started bringing the stuff of daily life into the sacrosanct space of the gallery and declaring it art, the definition of what a work of art is has been cracked wide open. Nowadays, art can be anything: a conversation catalyzed by a question, as in Tino Sehgal’s This Progress
magnificent mass of neon tubing and televisions arranged into a map of the United States; or a sumptuous pot of Thai curry dished up to hungry museum- and gallery-goers by
But at Christopher-Clark Fine Art
, with its elegant selection of paintings, drawings, and prints by some of the most masterful artists in history, viewers can get back to the beautiful basics. In works dating from the
to the Modern period, by artists like
, focus turns to the mark of the artist’s hand, the expressive power of a line, and the transformation of an empty canvas, or a blank piece of paper, into a composition of richly modeled light, shadow, and color.
Rembrandt worked with light and shadow as if they were material. The tonal richness of his justly famous etchings is unparalleled. He drew from the Bible, daily life, and views of the Netherlandish flatlands, creating whole worlds—practically three-dimensional, full of heft and mass—out of light, shadow, and some of the finest, most detailed lines in the history of printmaking. The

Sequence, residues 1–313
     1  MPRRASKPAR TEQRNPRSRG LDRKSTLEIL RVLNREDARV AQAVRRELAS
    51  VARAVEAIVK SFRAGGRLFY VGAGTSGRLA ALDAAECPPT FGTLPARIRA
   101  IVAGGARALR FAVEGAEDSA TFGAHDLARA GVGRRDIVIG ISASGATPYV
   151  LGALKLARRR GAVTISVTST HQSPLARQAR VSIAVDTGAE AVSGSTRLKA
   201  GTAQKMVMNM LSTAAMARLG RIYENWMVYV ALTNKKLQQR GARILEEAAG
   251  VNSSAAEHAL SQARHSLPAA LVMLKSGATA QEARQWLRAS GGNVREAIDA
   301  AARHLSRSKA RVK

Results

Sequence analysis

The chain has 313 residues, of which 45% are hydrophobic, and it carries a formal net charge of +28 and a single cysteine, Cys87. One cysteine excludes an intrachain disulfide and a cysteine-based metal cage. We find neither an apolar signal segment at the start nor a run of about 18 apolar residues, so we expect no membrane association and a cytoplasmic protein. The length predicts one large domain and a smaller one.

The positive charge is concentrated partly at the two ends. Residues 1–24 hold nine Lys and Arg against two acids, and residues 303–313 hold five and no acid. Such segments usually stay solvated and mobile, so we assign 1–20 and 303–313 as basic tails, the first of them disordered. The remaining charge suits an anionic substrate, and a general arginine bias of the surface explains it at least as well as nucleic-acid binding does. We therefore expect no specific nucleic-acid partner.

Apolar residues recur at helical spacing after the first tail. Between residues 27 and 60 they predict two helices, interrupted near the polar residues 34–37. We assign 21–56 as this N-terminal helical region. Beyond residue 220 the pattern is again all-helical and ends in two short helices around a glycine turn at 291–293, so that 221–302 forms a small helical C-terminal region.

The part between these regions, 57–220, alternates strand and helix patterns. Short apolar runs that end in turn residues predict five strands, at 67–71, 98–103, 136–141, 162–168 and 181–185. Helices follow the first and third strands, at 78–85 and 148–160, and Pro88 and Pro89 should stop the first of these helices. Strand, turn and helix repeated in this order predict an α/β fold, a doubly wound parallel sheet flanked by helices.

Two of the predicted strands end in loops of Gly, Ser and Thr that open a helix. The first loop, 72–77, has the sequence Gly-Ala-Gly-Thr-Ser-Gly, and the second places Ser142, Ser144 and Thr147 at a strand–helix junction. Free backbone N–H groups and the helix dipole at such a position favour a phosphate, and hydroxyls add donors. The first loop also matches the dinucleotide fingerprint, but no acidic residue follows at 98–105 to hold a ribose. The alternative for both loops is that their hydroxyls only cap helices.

also made images from light in works that diffused the scenes before their eyes into dappled, glowing color. What the light hit, they painted, starting with Pissarro, considered a founding father of this groundbreaking movement. Fast-forward to the lush abstractions of Motherwell, and all images of the world drop away. The paintings of this pioneering Abstract Expressionist are all line—fat, gestural, black—against monochromatic backgrounds.
While the leap from the works at Christopher-Clark Fine Art to conversations, televisions, and curries may be difficult to fathom, there is a bridge here. The history of art is one of innovation, of pushing approaches and materials well beyond perceived boundaries. This is what pioneering artists like Rembrandt, Pissarro, and Motherwell did, and what contemporary artists, often inspired by these forebears, continue to do today.